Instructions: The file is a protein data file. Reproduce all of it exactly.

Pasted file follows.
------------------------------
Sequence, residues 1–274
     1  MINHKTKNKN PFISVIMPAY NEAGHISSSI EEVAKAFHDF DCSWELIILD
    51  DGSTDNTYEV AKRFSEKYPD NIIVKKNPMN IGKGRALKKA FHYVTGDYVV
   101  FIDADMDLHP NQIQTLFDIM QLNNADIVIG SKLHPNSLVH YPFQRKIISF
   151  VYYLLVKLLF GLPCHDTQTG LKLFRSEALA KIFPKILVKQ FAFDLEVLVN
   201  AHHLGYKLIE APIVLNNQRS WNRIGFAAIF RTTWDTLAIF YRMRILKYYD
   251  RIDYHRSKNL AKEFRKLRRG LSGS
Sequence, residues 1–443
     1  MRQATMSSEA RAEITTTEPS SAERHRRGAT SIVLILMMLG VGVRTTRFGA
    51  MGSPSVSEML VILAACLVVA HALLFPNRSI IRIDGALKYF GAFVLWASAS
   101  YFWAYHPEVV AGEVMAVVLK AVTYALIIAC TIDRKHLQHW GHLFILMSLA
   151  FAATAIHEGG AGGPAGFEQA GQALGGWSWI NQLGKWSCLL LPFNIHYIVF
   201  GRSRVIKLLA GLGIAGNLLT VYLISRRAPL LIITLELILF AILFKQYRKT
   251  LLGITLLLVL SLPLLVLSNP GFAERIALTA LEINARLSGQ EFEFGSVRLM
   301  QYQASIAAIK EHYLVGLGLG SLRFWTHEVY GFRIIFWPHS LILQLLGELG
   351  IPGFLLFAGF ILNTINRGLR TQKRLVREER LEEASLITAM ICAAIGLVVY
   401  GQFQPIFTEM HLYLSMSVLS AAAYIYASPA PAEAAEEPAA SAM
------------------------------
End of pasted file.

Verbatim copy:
Sequence, residues 1–274
     1  MINHKTKNKN PFISVIMPAY NEAGHISSSI EEVAKAFHDF DCSWELIILD
    51  DGSTDNTYEV AKRFSEKYPD NIIVKKNPMN IGKGRALKKA FHYVTGDYVV
   101  FIDADMDLHP NQIQTLFDIM QLNNADIVIG SKLHPNSLVH YPFQRKIISF
   151  VYYLLVKLLF GLPCHDTQTG LKLFRSEALA KIFPKILVKQ FAFDLEVLVN
   201  AHHLGYKLIE APIVLNNQRS WNRIGFAAIF RTTWDTLAIF YRMRILKYYD
   251  RIDYHRSKNL AKEFRKLRRG LSGS
Sequence, residues 1–443
     1  MRQATMSSEA RAEITTTEPS SAERHRRGAT SIVLILMMLG VGVRTTRFGA
    51  MGSPSVSEML VILAACLVVA HALLFPNRSI IRIDGALKYF GAFVLWASAS
   101  YFWAYHPEVV AGEVMAVVLK AVTYALIIAC TIDRKHLQHW GHLFILMSLA
   151  FAATAIHEGG AGGPAGFEQA GQALGGWSWI NQLGKWSCLL LPFNIHYIVF
   201  GRSRVIKLLA GLGIAGNLLT VYLISRRAPL LIITLELILF AILFKQYRKT
   251  LLGITLLLVL SLPLLVLSNP GFAERIALTA LEINARLSGQ EFEFGSVRLM
   301  QYQASIAAIK EHYLVGLGLG SLRFWTHEVY GFRIIFWPHS LILQLLGELG
   351  IPGFLLFAGF ILNTINRGLR TQKRLVREER LEEASLITAM ICAAIGLVVY
   401  GQFQPIFTEM HLYLSMSVLS AAAYIYASPA PAEAAEEPAA SAM